The chief medical officer of the Irish Horse Racing Board, Dr. Jennifer Pugh, has told Meath Live that while horse racing at the Navan track is not under threat from the proposed downgrading of the A&E in Our Lady’s hospital, many hundreds of staff who work in local training yards would see the service as vital.
She also said that the loss of the orthopedic service in the hospital, some years ago was a blow to the racing game.
Pugh said, ‘As it stands when we race at Navan any serious trauma injury is brought straight to the Lourdes in Drogheda, but the closure of the Navan A&E would affect those who suffer minor injuries and certainly would impact on yards of trainers in Meath.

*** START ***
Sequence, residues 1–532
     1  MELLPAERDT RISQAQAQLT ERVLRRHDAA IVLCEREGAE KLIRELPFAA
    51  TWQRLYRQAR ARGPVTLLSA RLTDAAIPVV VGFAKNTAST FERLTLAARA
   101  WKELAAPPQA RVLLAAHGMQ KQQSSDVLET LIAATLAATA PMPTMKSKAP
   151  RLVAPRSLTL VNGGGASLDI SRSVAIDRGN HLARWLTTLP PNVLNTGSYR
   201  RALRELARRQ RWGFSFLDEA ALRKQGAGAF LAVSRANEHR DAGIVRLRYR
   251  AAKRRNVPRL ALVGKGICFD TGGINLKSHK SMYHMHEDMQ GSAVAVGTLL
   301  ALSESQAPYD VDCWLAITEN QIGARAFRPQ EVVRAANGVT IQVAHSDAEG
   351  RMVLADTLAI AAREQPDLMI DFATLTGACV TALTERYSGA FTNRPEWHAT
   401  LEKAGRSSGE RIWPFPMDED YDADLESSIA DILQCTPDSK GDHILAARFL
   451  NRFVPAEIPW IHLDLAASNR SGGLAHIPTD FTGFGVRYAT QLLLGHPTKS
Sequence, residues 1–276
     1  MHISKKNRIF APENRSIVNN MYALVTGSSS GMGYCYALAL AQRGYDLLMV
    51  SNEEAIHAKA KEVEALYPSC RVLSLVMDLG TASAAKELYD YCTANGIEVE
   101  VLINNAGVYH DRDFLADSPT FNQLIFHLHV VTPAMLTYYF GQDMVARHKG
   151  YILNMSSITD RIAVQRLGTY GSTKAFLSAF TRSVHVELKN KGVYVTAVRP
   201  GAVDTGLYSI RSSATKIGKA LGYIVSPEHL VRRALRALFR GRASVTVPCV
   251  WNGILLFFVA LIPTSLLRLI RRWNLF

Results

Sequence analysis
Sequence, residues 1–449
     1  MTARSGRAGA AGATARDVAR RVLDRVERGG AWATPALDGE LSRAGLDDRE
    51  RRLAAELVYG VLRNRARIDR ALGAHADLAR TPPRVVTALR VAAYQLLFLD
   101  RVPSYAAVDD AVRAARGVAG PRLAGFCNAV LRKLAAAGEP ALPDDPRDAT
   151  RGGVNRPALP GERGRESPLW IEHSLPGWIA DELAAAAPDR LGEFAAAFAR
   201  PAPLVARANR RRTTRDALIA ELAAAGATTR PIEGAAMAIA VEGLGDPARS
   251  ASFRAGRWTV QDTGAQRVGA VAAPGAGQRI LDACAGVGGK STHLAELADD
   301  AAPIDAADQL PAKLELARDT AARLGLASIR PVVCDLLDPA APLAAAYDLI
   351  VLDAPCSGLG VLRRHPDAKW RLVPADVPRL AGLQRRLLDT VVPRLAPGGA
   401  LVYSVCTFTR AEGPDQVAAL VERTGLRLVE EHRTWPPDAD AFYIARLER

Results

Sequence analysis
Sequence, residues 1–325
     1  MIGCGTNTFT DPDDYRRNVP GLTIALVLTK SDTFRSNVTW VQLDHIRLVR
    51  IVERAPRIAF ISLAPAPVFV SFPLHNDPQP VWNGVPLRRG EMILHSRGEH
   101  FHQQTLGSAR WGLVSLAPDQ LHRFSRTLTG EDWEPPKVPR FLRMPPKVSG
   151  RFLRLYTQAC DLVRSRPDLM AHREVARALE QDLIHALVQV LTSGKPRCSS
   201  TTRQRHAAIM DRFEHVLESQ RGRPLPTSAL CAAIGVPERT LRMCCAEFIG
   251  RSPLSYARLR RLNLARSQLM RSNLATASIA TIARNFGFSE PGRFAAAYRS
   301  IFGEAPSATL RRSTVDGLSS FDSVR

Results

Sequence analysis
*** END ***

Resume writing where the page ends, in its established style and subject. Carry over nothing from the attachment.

‘Apart from the larger yards like Elliot’s and Meade’s, there is any number of smaller yards that hold training licences and Navan would be the closest hospital to them.
‘For those yards, the service is absolutely crucial, but
what was of more concern to the industry was the closure of the orthopedic services in Navan, there was a huge loss of expertise when that happened.’
Michael Higgins, the general manager of the injured jockey’s association also believes the A&E service in Navan is an essential safety net for the sport locally.
He said, ‘ The bottom line is that the sooner an injured rider can be seen in a hospital the better for them, it is vital they can be seen as soon as possible